CSTMS Hosts Conference on Traditions and Technologies: Ethical Engagements and New Directions in the Study of South Asian Medicines

May 21st, 2019  |  Published in Latest news

On April 4, 2019 the Center for Science, Technology, and Medicine and the Institute for South Asia Studies at UC Berkeley co-hosted the “Traditions and Technologies: Ethical Engagements and New Directions in the Study of South Asian Medicines Symposium.” The experimental day-long event—with both virtual and in-person panels— aimed create a space for scholars of “traditional” South Asian Medicines working across disciplines to forge connections and discuss priorities for research directions in the field. The organizers used the designation “traditional” South Asian Medicines refers to bodies of theory and practice, such as Unani, Ayurveda, and Sowa Rigpa, understood by practitioners and communities as existing in complex relations to modern establishment medicine or biomedicine.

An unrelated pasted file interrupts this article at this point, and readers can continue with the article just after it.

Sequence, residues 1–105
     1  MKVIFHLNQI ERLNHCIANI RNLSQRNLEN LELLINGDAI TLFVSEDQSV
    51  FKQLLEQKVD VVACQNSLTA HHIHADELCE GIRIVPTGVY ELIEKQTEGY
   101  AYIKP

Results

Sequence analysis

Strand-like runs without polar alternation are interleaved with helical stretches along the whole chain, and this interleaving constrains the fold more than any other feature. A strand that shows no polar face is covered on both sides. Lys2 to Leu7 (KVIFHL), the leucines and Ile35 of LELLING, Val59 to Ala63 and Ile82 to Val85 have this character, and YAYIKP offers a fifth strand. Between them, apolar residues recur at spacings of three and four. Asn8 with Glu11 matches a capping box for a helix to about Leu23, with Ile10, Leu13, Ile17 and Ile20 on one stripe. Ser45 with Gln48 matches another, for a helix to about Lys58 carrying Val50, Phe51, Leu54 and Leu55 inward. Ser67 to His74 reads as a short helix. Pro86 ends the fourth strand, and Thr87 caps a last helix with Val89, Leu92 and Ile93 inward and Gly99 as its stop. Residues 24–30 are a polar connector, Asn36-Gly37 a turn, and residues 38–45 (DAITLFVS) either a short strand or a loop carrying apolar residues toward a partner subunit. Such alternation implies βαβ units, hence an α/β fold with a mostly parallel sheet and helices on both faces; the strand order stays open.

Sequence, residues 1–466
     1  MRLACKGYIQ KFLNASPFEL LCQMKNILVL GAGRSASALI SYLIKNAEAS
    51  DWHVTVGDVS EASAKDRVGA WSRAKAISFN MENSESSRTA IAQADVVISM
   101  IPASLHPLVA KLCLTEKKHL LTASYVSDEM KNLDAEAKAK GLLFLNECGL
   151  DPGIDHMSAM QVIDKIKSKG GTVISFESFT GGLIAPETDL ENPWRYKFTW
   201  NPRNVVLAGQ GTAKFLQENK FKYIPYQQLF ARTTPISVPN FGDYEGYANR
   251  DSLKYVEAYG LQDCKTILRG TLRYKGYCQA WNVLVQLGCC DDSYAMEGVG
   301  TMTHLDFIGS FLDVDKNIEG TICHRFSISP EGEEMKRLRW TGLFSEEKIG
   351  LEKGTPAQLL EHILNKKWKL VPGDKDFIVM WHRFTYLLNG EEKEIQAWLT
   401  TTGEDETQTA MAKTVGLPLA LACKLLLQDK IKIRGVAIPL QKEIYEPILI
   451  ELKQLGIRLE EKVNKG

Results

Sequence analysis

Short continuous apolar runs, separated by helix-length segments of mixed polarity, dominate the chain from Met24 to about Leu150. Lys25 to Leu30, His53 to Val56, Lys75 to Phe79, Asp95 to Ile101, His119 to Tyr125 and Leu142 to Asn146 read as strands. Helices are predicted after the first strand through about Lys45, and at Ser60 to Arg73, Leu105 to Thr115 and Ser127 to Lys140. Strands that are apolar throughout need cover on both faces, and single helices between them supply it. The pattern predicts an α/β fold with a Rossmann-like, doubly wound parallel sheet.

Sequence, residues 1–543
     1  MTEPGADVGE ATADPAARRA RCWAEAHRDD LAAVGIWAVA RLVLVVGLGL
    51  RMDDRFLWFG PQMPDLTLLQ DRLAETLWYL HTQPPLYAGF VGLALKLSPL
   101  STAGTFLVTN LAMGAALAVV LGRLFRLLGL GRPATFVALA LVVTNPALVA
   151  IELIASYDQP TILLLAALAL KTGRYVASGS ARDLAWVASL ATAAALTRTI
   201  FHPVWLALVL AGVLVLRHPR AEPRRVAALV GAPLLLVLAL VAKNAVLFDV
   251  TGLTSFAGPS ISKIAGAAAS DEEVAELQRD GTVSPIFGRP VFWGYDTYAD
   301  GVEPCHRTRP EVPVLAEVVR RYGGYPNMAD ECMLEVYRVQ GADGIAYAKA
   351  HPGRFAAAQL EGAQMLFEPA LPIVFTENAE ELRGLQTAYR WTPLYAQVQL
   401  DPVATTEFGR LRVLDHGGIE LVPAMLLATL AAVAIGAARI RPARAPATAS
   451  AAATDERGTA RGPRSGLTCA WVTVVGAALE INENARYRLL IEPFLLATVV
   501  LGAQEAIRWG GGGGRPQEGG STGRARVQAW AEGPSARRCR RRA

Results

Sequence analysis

The morning session took place in 470 Stephens Hall and consisted of two virtual panels, using a Zoom conference platform, in order to facilitate the participation of scholars in Europe and Asia. The panels were moderated by Anthony Cerulli, Associate Professor in the Department of Asian Languages and Cultures at University of Wisconsin-Madison, who was invited to UC Berkeley for the event. The first panel consisted of Maarten Bode (University of Amsterdam) who spoke about the political and ideological stakes of understanding Ayurveda as a viable alternative to biomedicine and the need to collaborate in assisting and critiquing the making of contemporary Ayurveda; P. Ram Manohar (Amrita Centre for Advanced Research in Ayurveda, Amrita School of Ayurveda and Integrative Medicine, Amrita Institute of Medical Science) discussed ways to focus scholarship in ways that prioritize patient welfare and prioritize Ayurvedic epistemologies and Ayurvedic research; Venera Khalikova (The Chinese University of Hong Kong) spoke about the politics of AYUSH, its place in Asia and its complex international financial, political relationship with Chinese medicine in the global marketplace; Tudor Silva (University of Peradeniya) spoke of his research on the history of malaria in Sri Lanka exploring shifting relationships between Ayurveda and bio-medicine; Deepa VK (National Institute of Advanced Studies, IISc, Bangalore) shared her research on policymaking in relation to the tribal healers of Wayanad, Kerala, focusing on issues of harvesting medicine, globalization and bioprospecting; and Victoria Sheldon (University of Toronto) discussed constructions of the past and present, and issues of translation in relation to Nature Cure in Kerala. The second panel consisted of Sabrina Datoo (University of Chicago) who situated her work on 19 th century Urdu vernacular print media in terms of thinking beyond binaries into “global processes of translation and migration,” Stephan Kloos (Austrian Academy of Sciences, Vienna) argued that we stop thinking of Asian medicine as “traditional systems of medicine” and consider them as industries, underscoring the contemporaneous nature of entanglements of tradition and modernity; Discussing his work on connections between the ancient Near East, Greco-Roman world and early South Asia, Kenneth Zysk (University of Copenhagen) advocated for textual and philological studies on early South Asian medicine and a dialogue between the disciplines; Lisa Allette Brooks (UC Berkeley) discussed sensory historical and multi-species ethnographic approaches to the study of early and contemporary Ayurveda, considering the ways that other species mediate and human sensory capacity and shape the nature of medical practice; Mauricio Najarro (UC Berkeley-UCSF) offered a consideration of pharmaceuticals as “sites of memory,” pointing out the recursive potentials of certain kinds of objects across a vast timeframe; and Fabrizio Speziale (EHSS Ecole-des Hautes études en sciences sociales, Centre d’Etudes sur l’Inde et sur l’Asie du Sud) suggested that scholars should question sectarian forms in the history of Ayurveda and Persian Medicine and raised the issue of digitization and the control of manuscripts in the field of Indo-Persian print studies.